The Courier News from Blytheville, Arkansas on September 2, 1955 · Page 10
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The Courier News from Blytheville, Arkansas · Page 10

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Blytheville, Arkansas
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Friday, September 2, 1955
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Page 10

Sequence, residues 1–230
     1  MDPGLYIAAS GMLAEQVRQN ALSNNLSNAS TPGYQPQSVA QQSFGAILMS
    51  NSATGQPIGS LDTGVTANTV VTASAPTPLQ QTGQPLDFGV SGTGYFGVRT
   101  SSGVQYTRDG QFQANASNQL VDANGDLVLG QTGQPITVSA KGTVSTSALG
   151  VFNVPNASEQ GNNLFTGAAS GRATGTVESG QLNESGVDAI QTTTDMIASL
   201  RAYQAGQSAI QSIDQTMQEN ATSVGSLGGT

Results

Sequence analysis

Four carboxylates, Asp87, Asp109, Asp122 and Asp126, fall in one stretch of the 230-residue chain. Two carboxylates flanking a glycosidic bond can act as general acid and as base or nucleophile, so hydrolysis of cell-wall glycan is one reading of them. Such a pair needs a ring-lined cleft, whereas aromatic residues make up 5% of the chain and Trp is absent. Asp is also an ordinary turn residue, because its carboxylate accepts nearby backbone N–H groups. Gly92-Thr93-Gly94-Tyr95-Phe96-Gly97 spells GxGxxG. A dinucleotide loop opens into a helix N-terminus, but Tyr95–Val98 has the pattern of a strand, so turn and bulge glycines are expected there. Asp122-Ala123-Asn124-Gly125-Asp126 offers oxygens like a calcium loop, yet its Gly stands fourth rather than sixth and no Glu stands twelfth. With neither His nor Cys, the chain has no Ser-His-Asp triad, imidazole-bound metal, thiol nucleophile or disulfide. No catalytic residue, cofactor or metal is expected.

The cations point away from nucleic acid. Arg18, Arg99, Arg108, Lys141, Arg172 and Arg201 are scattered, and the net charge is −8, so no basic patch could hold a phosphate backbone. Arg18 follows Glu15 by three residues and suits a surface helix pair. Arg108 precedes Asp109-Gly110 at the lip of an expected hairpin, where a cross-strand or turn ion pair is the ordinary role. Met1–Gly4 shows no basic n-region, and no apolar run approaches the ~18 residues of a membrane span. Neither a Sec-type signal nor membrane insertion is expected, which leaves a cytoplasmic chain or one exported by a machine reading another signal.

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PAGE TEN BLYTHEVILLE (ARK.)' COURIER NEW8 FRIDAY, SEPTEMBER I, 19« REVIEW- FORECAST Coth Deal MILES CITY. Mont. of the Peace Hnbi-rt Swanson pleaded (runty to stealing n 35-ccnt package of figs. Swnnson M*i—Justice! .Tached into his shabby jeans, puU- Abel v,asj c d o« $890. paid the $25 fine and \venl on his way. sympathetic with Jolin Svv.mson, 68. He was shabby and there- were holes in his tennis shoes. Abel Pined Sivanson S2S alter j Road Courier New? Classified Ads Quality First VETCH • Now booking top grade OREGON grown Winter Hairy Vetch. • Discounts for quantity purchases and early delivery. • 98 95 90 Exceeds ACP requirements DEFOLIANTS • AERO Cyanamid Dust • Liquid Defoliants • Amina Triazole (Prevents Regrowth) —Call, Wire, Write or Visit— The Paul D. Foster Co. Ph. 3-3-11S Blylheville. Ark. Office & Slocks in Blythevi-lle Warehouse YOU GET CLEANER SEPARATION COMBINE WITH A MASSEY-HARRIS Tfawiandi of ocret of groin harvested wiKier the most varied conditions hovo Mtmey-Horrli combine! gel clei grain and mwe of it. From cutter-bar to grain tank every unit in a Massey-Harris is in correct proportion tor most efficient threshing. Size, design and position of each has been carefully engineered to give you controlled feeding—coordinated operation. The result is cleaner grain, more grain saved . . . a more profitable harvest. You know it's the best buy because it's (he beat seller. 61 IMPLEMENT CO. "The Farmer's Home of Satisfaction" N. Highway 61 Ph. 2-2M2 Maloch Says By D. V. MALOCH Mississippi County Agent Irrigation Systems in Use During the past three weeks, most of the irrigation equipment in South Mississippi County has been in op p eration. Some of the systems that have oeen in capacity operation Were: W- S.Cockerham, Lawrence Woodard, and James Woodard, of the Little River community; W. J, Den ton and Lee Wilson and Company at Wilson; Hall and Gibson, at Frenchman's Bayou; C. L. Demon, Sr., C. L. Denton, Jr., and Bob Pugh, at Denwood; J. B. Strickling at West Ridge; Charles Wildy at Etowah; and others. Most of the farmers were irrigating cotton. Air. Cockerham irrigated soybeans and corn in addition to cotton; Lawrence Woodard irrigated soybeans as well as cotton and C. L. Denton, Sr. irrigated his pasture. On To Colleg-e Lindsey Chandler of Whitten plans to enter the University of Arkansas this fall and take agricultural engineering. While in school at Whitten, Lindsey was active in 4-H Club work and was an . outstanding FKA uoy during his high school years at Wilson. Lindsey has selected a good field in which to do his major work. According to reports that I have received many more agriculturally trained graduates are needed in most fields or divisions of the agricultural program. Agricultural engineering and agronomy are two of the fields that have been listed showing the need for additional graduates. Land grant colleges like the University of Arkansas, College of Agriculture have been specially developed for training agriculturist and home economists for various jobs in the agriculture field. Boys and girls who select agriculture and home economics, together with their parents, should carefully analyze jobs and the educational requirements to fill them when selecting a college to attend. Silos Under Construction New above ground type silos are under construction or have already been completed on the Hall and Gibson farm, Frenchman's Bayou; C. L. Denton, Sr. farm, DenWood; Richardson farm, West, Ridge; and Lee Wilson and Company at Wilson. The silos at Hall and Gibson farm and at the Richardson farm are designed to use as self-feeders. The one on the Denton farm can be used as a self-feeder in dry weather. Mr. Denton, also, put up a 200 ton upright srave silo this summer. rianning for 1956 During the fall, intensive plan- j ning U - ilI be done in developing or \ revising the agricultural program ! and policies of Mississippi County fanners. During this time, the Mississippi County Farm Bureau will develop their resolutions which will make a basis for their 1956 program. Approximately 100 leaders will be selected by the Farm Bureau to as- iist in mapping resolutions for the revision of the agricultural program from the economic point of view. The Agricultural Etension Service will revise it's educational and serv- j ice program to meet the changing L conditions that confront farmers for the 1956 year. Other organizations will, during the fall and. winter, revise their programs, too. Most anyone who takes time to in- i vestigate will find that planning for: the future has paid big dividends, in the past. Every leader selected to assist in' this planning work will be eiicour- i aged to participate in the discussions and policy development. Any- '. one who has special data that they would like to present to the Farm Bureau should contact Hays Sullivan, president, on things that pertain to legislation and to the county agent on things that pertain to education and service program. Cotton Around 13 million bales of cotton: may be used or exported in 1955-56. over half a million more than last year. Preliminary estimates indicate domestic mill consumption will exceed 9 million bales while exports will top 3!» million. A record yield of 367 pounds per acre is in prospect for the 1955', crop. Although acreage is down H percent from last year, the crop; cetimate of 12.6 million running bales is off only 7 percent. as their own then I guess they will "hang separately". There must be a brighter future for agriculture somewhere but I can't see it in the immediate future. Cotton Situation A recent summary report said, "Cotton is still in trouble." "The supply of cotton in the free world ending July 31 is estimated at 47.4 million bales. This compares with 46 million for the year before. During the season just ending, there was an increase of about 2.0 million acres planted to cotton in countries outside the United States compared with a reduction of nearly 5.5 million acres in the U.S." T. E. Atkinson, Extension econ- dmist, suggests that there are essentially three alternatives, none of which are without criticism: (1) further reduction in cotton acreage. (2) Competitive pricing of U. S. cototn in the world market. (3i A subsidy for cotton producers. Alternatives Cotton acreage reduction makes us think of possible alternatives. When I think, of alternatives I start thinking of failure, one after another. Five farmers in the Blytheville area started the cage layer business two 01' three years ago. Every one of them gave up and are out of business today. One lurmer tried the hog business. He had five sows to bring pigs. Every pig in all the litters was dead. Maybe it was leptospi- rosis, a new and rare complication. Anyway it didn't pay off as well as cotton. Another farmer in this county bought 100 brood sows less than five years ago. He is now out of the hog business. Fanners like Joe Morris and A. C. Owens tried growing tomatoes in 1954. The temperature was so extremely hot they could never set many tomatoes. This year everybody had tomatoes. One farmer in the Burdette community took a load of "tomatoes to the Memphis market this summer, he sat there all day trying to sell his tomatoes at any price, he finally had to pour the tomatoes out and sell the baskets order to buy gasoline to get back home. Numerous farmers have planted strawberries, a few of them three years in a row. They died without exception unless me farmer used On Missco Farms KEITH RILHKEV. Count? Bis Blow It did a lot more damage than "Connie". It's worse than a fatal | blow on the head. More than one farmer has brought me a quotation which IE getting national publicity. It says, "People of this country never had it so good as now . . . Farmers aren't doing so well, it's true. Farm owners, however, have only $11 billion out of a national income of $320 billion. That's under 4 per cent, so that, if farm income goes down 25 per cent for owners, barely 1 per cent of national income is involved. Planners in government are not so concerned about troubles on the farm as they were in times past." Senator Fulbright I talked with Senator Fulbright while he was in Blytheville yes [erday. He expressed concern abou: the division in agriculture. Commodity groups are not working together as a unit as they once did. STOP WORRYING ABOUT WHAT YOU Are Going To Do With Your Com! We Have A Corn Sheller Installed and Are Ready For Business. WE CARRY A COMPLETE LINE OF FALL SEEDS FARMERS SOYBEAN CORP. "Home of Sudden Service" N. Broadway & Hutson Srs. Phon« 3-8191 Why can't fanners .-ee that they are out numbered any way you i count. If farmers can't hang to-1 gethei 1 nnd be interested in solving > the other fellow's problems as well SAVE Up To 30% ON Tractor Tires Cane & Rice and Regular BY PHILLIPS "66" GUARANTEED » 1. 50 Months for Road Hazard 2. For Life in Workmanship See Us For Your Truck Tires R. C. FARR & SONS 400 Railroad Phone 3-4567 an irrigation system. You know how mufrh a farmer can iuyest io a dead strawberry patch? Experiment stations proved that Tracy sorghum would make a great deal more silage per acre than corn. Ear] Wildy planted some. He fertilized generously and irrigated. Just this week a small area in his part of the county got an inch and one quarter of rain and a little wind. AH his eune is lying flat on the ground. He can't harvest it, it is so thick he can't cut it up with a disk. On the other hand it can turn dry or it can be wet, the insects can come, most anything can happen but a good farmer can still make cotton in Mississippi County. Grounds For Murder Does any other state want Bu! Ho 11 ings worth? I am ready to ship j him! ' j He had one of a dozen detailed j cotton fertilizer demonstrations. We were proud of all of them. The; information to be gained from • these 12 tests would be hard to I value — Bo got a big load of cot-; ton pickers ahead of you this week j and through accident or negl*** 1 they picked right on through ttfta valuable fertiliser plot. If that happens on one more farm you are going to have a bald headed agent in North Mississippi County. Bo, you don't need to worry about "it. There isn't a county Hgent alive that hasn't had the finest of demonstrations or variety trials that were accidentally harvested and all data lost. NEW WOOLENS Slake Cloilics With A High Fashion Look, at a Low Fashion Price The Howard Cloth Shop North Franklin Road Phone 3-1209 Here's how to it will pay you to look at a Me Cormier COTTON PICKER NEW broached spindles remain efficient longer . . . cut doAVn time and maintenance expense. bonded doffeii provide greater picking efficiency . . . lower per-acre harvest cost flush oiling gives thorough lubrication . with less oil than drip system. liberal terms. Low down payment and three full crop years to pay balance. Ask ut about lha cait-<uttlng, profit making poitibtlitiei of owning a McCormick cotton picker. You con buy ft now on the liberal IH Income furchot* Plan of Buying. LOW DOWN PAYMENTS 3 Crop Yean To Pay The Balance Delta Implements Inc "Service Holds Our Trade" 3] 2 S. Second Ph. 3-6863 $$$$$$$$$ 1. How will you market your big crop of Soybeans this fall? 2. Will you receive the support price of $2.04 or the low market price at harvest time? 3. Will your local elevators be able to handle this big crop? 4. Will you have beans to sell and no one to sell them to because your elevators will be snowed under? 5. Will you be able to store Soybeans on your farm and get the full support price? 6. Have you enough government approved storage to take care of your crop? 7. Did you know you can finance on the farm storage through your local Government A.S.C. Office?—20% down and 4 yean to pay the balance. THE MARTIN STEEL GRAIN BIN IS THE ANSWER TO YOUR SOYBEAN STORAGE PROBLEMS. STORE YOUR SOYBEANS IN GOVERNMENT APPROVED STORAGE WHEN THE CASH MARKET IS LOW, AND GET THE SUPPORT PRICE OF $2.04. THEN SELL LATER WHEN YOUR MARKET GOES UP AND POCKET THE DIFFERENCE. Call On Us for Prices Blytheville Soybean Corp. Senath, Mo. Leachville, Ark. HornersYille, Mo. Blyfheville, Ark. WE ARE DISTRIBUTORS FOR MARTIN GRAIN BINS AND STEEL BUILDINGS. DEALERSHIPS ARE AVAILABLE Fill Out the Coupon For Further Information Mail this coupon (o: BLYTHEVILLE SOYBEAN COUP. Box 958, Blytheville, Ark. I am interested in: D GRAIN BIN n CORN CRIBS D SILO Q STEEL FRAME HUILDING Name Address Phone No